Sharing Plenty

The Single Voices, Global Choices project officially launched at the beginning of September and teachers around the globe have been working with their students exploring topics around one or more international event/events created by the United Nations and other organizations.

September saw the International Day of Charity, International Literacy Day, World Suicide Prevention Day, the International Day of Peace, and the European Day of Languages. Some of the amazing products resulting from focus on the various recognition days are projects like this from Dr. Michael Harvey’s students in Malaysia with their responses for the International Day of Peace.

Dr. Michael Harvey’s student’s responses for International Peace Day

Or this poster from Branka Ranisavljevic’s students in Karlovacka gimnazija, Serbia for the European Day of Languages.

Branka Ranisavljevic’s students’ poster for European Day of Languages
(Karlovacka gimnazija, Serbia)

The transition from September to October saw Banned Books Week and discussion from Tatiana Popa’s students in Moldova.

Tatiana Popa’s students in Moldova celebrating Banned Books Week, September 28 – October 2, 2020

October is brimming with many more learning opportunities like National Poetry Day, Black History Month, Buy Nothing New Month as well as World Mental Health Day, World Food Day, and the International Day for the Eradication of Poverty.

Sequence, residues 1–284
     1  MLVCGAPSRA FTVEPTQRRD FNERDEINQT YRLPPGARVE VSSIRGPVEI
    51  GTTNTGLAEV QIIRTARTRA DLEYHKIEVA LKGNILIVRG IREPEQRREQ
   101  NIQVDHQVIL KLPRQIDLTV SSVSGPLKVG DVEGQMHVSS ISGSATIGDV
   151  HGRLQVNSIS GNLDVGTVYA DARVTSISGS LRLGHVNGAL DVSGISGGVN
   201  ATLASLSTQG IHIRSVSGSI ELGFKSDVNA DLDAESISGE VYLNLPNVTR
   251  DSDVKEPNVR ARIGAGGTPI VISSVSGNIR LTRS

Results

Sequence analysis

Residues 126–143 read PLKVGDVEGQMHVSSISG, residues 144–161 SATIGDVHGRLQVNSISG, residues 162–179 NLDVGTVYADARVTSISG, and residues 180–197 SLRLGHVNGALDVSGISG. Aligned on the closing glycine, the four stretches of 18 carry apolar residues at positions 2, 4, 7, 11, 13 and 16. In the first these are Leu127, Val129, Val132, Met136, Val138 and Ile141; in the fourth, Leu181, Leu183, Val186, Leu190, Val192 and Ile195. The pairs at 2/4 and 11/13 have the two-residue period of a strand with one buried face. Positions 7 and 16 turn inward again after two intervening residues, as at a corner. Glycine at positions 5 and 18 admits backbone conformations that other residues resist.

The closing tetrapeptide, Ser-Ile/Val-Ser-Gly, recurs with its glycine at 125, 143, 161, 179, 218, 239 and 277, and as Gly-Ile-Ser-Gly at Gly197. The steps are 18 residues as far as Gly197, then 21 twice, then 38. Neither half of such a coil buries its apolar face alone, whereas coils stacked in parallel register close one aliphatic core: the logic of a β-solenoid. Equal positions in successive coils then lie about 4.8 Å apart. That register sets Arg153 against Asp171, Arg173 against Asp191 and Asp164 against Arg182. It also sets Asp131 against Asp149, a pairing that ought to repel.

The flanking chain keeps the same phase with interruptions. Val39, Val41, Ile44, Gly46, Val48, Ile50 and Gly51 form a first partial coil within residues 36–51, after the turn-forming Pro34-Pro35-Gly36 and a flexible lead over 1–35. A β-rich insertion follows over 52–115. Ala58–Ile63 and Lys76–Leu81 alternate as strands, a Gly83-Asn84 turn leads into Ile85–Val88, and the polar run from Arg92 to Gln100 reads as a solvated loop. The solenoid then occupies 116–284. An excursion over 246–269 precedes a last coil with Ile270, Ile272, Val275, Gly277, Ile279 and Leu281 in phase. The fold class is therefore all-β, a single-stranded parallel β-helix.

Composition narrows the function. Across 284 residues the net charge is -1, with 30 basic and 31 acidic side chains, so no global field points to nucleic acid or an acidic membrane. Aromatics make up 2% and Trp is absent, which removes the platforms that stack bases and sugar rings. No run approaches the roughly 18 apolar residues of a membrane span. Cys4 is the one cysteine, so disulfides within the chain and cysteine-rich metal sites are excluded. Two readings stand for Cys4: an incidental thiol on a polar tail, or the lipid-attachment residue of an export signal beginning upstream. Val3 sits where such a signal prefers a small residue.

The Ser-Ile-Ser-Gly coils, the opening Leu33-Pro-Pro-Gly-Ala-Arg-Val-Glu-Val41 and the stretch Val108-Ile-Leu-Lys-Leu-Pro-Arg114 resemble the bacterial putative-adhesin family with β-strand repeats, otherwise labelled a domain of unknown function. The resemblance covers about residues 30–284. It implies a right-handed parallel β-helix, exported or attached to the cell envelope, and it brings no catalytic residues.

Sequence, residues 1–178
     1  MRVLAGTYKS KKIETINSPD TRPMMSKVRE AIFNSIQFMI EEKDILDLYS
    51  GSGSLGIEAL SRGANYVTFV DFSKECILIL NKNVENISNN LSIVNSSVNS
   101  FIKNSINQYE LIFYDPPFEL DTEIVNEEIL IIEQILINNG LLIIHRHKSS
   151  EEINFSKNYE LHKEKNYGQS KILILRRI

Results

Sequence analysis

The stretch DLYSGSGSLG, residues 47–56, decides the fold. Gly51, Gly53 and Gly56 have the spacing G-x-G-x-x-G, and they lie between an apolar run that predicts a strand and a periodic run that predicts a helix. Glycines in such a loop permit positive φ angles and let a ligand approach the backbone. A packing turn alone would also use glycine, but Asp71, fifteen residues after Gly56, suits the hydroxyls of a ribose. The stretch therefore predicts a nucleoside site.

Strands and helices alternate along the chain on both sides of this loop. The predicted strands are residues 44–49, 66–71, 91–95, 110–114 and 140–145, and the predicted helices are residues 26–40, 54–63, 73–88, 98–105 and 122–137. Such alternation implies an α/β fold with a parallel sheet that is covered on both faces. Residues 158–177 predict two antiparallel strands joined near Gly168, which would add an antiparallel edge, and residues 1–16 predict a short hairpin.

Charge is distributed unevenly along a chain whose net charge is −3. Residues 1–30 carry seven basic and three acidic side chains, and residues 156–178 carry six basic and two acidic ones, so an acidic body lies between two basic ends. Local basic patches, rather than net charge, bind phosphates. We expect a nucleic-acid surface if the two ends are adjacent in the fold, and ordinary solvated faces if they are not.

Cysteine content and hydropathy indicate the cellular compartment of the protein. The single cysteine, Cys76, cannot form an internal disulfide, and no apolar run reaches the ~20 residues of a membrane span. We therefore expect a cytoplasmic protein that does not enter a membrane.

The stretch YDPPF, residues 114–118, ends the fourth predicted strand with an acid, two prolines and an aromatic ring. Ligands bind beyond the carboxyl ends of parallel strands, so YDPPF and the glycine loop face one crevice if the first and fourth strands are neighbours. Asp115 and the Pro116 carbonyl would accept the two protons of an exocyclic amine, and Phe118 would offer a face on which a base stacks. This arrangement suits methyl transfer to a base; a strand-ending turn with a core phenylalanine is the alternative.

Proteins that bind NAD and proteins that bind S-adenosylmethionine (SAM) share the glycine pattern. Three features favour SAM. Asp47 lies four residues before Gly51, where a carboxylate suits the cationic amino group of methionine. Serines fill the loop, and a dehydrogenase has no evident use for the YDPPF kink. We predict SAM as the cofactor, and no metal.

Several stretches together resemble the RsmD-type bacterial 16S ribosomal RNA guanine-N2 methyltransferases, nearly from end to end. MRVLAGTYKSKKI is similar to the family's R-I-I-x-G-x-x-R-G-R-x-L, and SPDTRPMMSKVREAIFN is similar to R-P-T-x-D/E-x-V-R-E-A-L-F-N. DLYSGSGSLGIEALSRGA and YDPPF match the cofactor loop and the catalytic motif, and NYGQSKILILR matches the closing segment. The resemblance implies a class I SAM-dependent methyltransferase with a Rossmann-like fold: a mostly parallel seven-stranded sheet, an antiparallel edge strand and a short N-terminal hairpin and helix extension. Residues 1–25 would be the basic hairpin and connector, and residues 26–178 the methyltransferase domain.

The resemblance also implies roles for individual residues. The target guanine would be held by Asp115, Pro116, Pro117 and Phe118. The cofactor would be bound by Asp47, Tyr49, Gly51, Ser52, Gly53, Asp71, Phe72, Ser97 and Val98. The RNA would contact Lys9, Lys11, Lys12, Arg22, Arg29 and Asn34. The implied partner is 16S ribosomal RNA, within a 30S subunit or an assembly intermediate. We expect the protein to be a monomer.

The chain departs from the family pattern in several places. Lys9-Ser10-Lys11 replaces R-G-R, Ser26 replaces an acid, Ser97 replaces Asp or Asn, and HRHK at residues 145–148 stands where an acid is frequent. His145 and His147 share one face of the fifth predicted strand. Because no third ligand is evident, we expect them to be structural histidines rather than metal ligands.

The best part of a collaborative project is the sharing, not just of the results of work various classes are doing, but sharing of resources. The project’s Microsoft Team is brimming with every kind of resource from lesson ideas and activities to tools and successful strategies. It is no wonder then that the project was voted into the top 100 for the Take Action Global T4 Solutions Challenge.

A shining example of the sharing and collaborative efforts is Barbara Zielonka’s lesson in honour of World Mental Health Day. Students are asked to focus on health and life skills and one of the tasks is “Letter to my older self“. Students are prompted to think of where they would like to be in the later years of their life posing questions to themselves like what kind of activities will be important to me? And how do I see myself spending my time once I retire? They are then to write a letter to their 65 year-old self that describes what they hope their life will be like.

Details that should be included in the letter:

  • hopes about where you will live;
  • the important people you hope are in your life who will contribute to your happiness;
  • what you plan to do throughout your earlier life to make sure you can lead a healthy life at 65;
  • the hobbies you hope to pursue; and
  • the activities you will be involved in to maintain your health.

This lessons is only part of the gamut of resources that are shared with everyone in the project: a Kahoot on the eight dimensions of wellness wheel, a Flipgrid board, and other in-depth lessons are regularly shared for everyone to benefit and promote the supportive community involved in Single Voice, Global Choices.

To learn more about the Single Voices, Global Choices project visit our website at

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